Thursday, October 30, 2008


Here's a letter I received today in an ecology list serve. I enjoyed it, may you as well.

I was intrigued to find one of my favourite particles, the neutrino, show up on this list. As Dr. Novee says, they are hard to find. But I think that there is much about the neutrino that is relevant to ecology.

Ecologists often take it for granted that if theory and experiment disagree, the theory must be wrong. That is how the neutrino was first "discovered", because experiments on scattering produced results that were theoretically impossible - the Compton effect violated both conservation of energy and conservation of momentum. Did the theorists yield? No, they postulated an invisible particle called the neutrino which carried off the missing energy and momentum. No ecologist would fall for such a sneaky trick!

The neutrino concept was of course pure speculation, which many ecologists claim has no place in science.

For many decades there was no experimental evidence for the neutrino (as for the quark and the Higgs boson). And yet, physicists didn't give up, and astrophysicists even started hypothesizing that much of the matter ("dark matter") in the universe consisted of neutrinos.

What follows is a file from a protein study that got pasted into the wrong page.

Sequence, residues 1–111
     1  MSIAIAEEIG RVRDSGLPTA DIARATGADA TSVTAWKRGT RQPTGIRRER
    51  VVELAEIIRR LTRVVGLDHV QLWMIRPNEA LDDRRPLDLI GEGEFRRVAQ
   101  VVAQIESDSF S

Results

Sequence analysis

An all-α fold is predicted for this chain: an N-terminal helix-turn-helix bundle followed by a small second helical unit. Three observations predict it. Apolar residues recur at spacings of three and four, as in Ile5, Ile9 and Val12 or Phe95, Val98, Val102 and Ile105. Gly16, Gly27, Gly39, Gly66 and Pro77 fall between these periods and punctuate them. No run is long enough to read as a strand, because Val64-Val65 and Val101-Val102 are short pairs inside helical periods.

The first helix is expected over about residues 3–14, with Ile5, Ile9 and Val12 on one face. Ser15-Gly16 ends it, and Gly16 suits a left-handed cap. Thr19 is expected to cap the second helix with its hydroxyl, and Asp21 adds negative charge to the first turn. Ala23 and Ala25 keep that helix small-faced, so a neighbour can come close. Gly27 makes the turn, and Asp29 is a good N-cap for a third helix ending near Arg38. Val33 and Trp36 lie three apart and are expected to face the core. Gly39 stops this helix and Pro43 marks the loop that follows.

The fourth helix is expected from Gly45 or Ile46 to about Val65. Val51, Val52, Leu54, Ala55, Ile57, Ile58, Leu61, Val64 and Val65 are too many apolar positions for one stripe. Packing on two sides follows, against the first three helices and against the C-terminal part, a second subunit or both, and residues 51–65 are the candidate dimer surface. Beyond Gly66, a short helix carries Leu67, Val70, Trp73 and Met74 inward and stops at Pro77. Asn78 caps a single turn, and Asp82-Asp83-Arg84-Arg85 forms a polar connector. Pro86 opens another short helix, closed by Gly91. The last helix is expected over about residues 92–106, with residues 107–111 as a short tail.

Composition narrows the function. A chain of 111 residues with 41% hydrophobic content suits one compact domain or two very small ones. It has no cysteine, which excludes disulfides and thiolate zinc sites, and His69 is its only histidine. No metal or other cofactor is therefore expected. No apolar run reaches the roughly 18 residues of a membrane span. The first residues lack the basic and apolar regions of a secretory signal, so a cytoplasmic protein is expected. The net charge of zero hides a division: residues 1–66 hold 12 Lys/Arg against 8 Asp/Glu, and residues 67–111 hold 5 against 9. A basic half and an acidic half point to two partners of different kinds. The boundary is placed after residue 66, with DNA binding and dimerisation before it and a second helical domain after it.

So far only a handful of neutrinos have been "seen" (the evidence is really sketchy, just a few flashes of light in huge tanks of liquid), certainly not enough to satisfy the ecological standards for experimental proof. On the other hand, there is a noteworthy precedent for building theoretical castles on just a small mound of experimental mud - Kepler's theory of elliptical orbits was inspired by a minor discrepancy between the centuries old theory of epicycles and the observations of his great mentor, Tycho Brahe.

As regards science and politics, when I was a graduate student we thought it was a great joke to spead a whispering campaign about a new weapon, the neutrino bomb, against which there could be no defense. After all, since neutrinos can pass through the entire earth, what man-made shield could deflect them? Of course the reluctance of neutrinos to interact with matter also meant that they could do no harm, which made them the perfect weapon, no defense and no damage. But a wise professor told us to stop before the military heard of this, as they did not appreciate jokes and would spend billions on it before they caught on, and then we would be in deep trouble.

Bill Silvert

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